April 12, 2002

Productivity Forecasts

The broad universe of commentators and economists is still somewhat divided on what the medium-term future holds. Writers like Julie Kosterlitz of the _National Journal_ talk of how growth in the late 1990s was unsustainably fast because of the NASDAQ bubble. Nobel Prize-winning economist Joe Stiglitz talks of how there must be "real restructuring" because of the "capital overhang" produced by excessive investment that has created "overcapacity," and how the "real restructuring takes time."

By contrast, the smaller slice of economic forecasters have reached near consensus that the next decade of productivity growth is much more likely to see a continuation of recent trends than a renewed productivity slowdown. In their near-consensus analysis, the information technology revolution has driven rapid productivity growth because of the interaction of three factors. First, technological progress in and price declines of information technology capital goods have been extremely rapid. Second, the share of spending on adding to the information technology capital stock took an upward leap in the 1990s, and a higher spending share coupled with lower prices accelerated the pace of growth of the real information technology capital stock. Third, the share of total income attributable to the returns on the existing information technology capital stock jumped as well, which meant that the faster pace of growth of the information technology capital stock produced even faster growth in labor productivity. The effect of the ongoing technological revolution is proportional to the strength of these three factors multiplied together. And growth accelerated because all three of these factors took an upward leap in the 1990s.

The belief that the future will see rapid productivity growth is built on this quantitative foundation. The speed of growth can decline, in this near-consensus analysis, only if there is (a) a medium-term decline in the pace of the information technology revolution, (b) a decline in the share of total expenditure devoted to information technology goods, or (c) a decline in the share of total income attributable to the higher productivity made possible by information technology. The near-consensus analysis sees no sign of a decline in any of these three facts. And this implies, in standard economic growth models, that the future will be like the recent fast-growth past.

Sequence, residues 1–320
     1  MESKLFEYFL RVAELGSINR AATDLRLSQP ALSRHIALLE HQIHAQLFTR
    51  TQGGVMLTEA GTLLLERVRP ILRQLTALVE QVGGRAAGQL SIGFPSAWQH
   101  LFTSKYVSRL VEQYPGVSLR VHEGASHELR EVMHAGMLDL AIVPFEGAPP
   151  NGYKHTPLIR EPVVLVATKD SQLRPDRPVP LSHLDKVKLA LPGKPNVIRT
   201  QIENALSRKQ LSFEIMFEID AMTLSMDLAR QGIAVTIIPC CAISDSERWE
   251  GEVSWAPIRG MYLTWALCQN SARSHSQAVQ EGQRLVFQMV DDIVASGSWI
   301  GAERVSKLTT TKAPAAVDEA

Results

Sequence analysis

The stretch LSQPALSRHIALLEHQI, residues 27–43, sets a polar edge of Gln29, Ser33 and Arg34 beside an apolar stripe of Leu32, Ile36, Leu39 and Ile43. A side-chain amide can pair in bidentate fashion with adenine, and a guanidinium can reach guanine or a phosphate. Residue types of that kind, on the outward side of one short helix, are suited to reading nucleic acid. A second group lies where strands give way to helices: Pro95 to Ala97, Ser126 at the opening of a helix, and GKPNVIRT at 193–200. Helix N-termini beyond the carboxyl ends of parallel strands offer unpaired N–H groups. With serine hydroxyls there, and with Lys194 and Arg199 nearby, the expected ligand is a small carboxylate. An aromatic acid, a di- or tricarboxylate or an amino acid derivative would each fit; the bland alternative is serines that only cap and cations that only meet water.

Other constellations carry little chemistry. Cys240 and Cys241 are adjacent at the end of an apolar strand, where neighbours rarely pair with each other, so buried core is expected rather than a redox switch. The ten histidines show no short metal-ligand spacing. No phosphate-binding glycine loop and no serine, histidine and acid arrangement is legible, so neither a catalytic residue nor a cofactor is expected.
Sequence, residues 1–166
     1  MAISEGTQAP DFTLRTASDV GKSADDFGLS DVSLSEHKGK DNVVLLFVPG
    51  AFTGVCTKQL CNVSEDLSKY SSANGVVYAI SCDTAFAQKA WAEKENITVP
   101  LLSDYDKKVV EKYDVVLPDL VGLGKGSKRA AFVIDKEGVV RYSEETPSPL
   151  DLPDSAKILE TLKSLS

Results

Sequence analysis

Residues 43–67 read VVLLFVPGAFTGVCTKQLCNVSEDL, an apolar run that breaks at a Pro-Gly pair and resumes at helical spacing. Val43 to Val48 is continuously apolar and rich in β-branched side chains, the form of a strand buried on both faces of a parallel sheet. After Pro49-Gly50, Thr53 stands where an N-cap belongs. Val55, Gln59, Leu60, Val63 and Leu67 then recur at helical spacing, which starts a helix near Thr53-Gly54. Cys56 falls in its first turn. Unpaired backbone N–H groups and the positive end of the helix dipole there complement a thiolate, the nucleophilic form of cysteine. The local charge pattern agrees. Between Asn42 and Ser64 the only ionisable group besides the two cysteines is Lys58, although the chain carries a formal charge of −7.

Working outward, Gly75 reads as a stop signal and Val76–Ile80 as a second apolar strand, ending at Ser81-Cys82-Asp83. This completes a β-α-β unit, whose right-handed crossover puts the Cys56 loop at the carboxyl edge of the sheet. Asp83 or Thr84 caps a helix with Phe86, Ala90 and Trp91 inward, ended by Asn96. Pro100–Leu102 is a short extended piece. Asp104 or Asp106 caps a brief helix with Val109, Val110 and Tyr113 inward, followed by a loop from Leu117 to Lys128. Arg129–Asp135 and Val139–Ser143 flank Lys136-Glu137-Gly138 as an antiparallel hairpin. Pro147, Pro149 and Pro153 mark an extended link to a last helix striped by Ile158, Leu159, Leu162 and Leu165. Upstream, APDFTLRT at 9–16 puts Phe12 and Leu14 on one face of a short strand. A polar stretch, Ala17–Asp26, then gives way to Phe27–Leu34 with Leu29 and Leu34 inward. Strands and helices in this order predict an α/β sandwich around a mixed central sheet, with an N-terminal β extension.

Moreover, there are four jokers in the deck: four things that could well make the future even brighter than the past since 1995...

The course of U.S. productivity growth during the recent recession is yet another piece of evidence that the productivity growth future looks bright. Usually recessions see falling productivity: firms hoard labor they cannot use productively now so as to have a pool of trained workers when demand picks up, and the pressure to find ways to economize on resources to expand capacity is absent in times of slack demand. But the 2001 recession saw productivity in the American economy rise. Consider the fourth quarter of 2001, in which hours worked in the U.S. economy fell at an annual rate of 3.3 percent. But in that quarter production rose at an annual rate of 1.7 percent, and productivity rose at an annual rate of 5.0 percent.

If you are a politician in office, such growth lets you score political points by saying that there was never a recession at all (never mind that the U.S. economy has shed so many jobs over the past year). But to an economist interested in forecasting more than the next three month's statistics, it suggests something much more interesting--that the process of automation and investment in information technology that fueled such rapid real wage and production growth in the late nineties is still going on under the surface even in the depth of the recession, even when businesses are under no immediate pressure to boost their capacity. This suggests that the underlying computer-driven productivity growth trend is rapid indeed.

There is, however, one significant puzzle confronting those who (like me) believe in optimistic scenarios about future productivity growth. If the information technology revolution is such a transformative technology, where is the accleration of productivity growth in western Europe? To this question, there are four answers: The first is that the premise is wrong, and that the U.S. is experiencing a short cyclically-related boost to output rather than a long-run upward shift in the rate of productivity growth. The second is that western Europe's productivity miracle is coming, but that processes of economic diffusion take time, and that one should not expect diffusion immediately to regions more remote in space and social distance from Silicon Valley. The third--Alan Greenspan's favorite--is that businesses will be motivate to move to more efficient computer-intensive modes of organization only when they see cost savings from doing so, that in Europe businesses by and large see neither the possibility increasing profits through cost saving nor the possibility of increasing profits through expanding production, and hence thorough-going neoliberal reform is necessary before Europe's economies can reap large aggregate benefits. The fourth is that it is not rigid labor markets and slack demand per se that account for the slow spread of the information technology revolution throughout Europe, but instead a failure of governments to cut their red tape. On the periphery of western Europe from Ireland to Finland, after all, the information technology revolution is doing just fine.

I do not have the answer to this puzzle. But it must be answered and answered correctly, if western Europe is to have as bright a productivity growth future as America seems to have right now.

Posted by DeLong at April 12, 2002 03:52 PM | TrackBack

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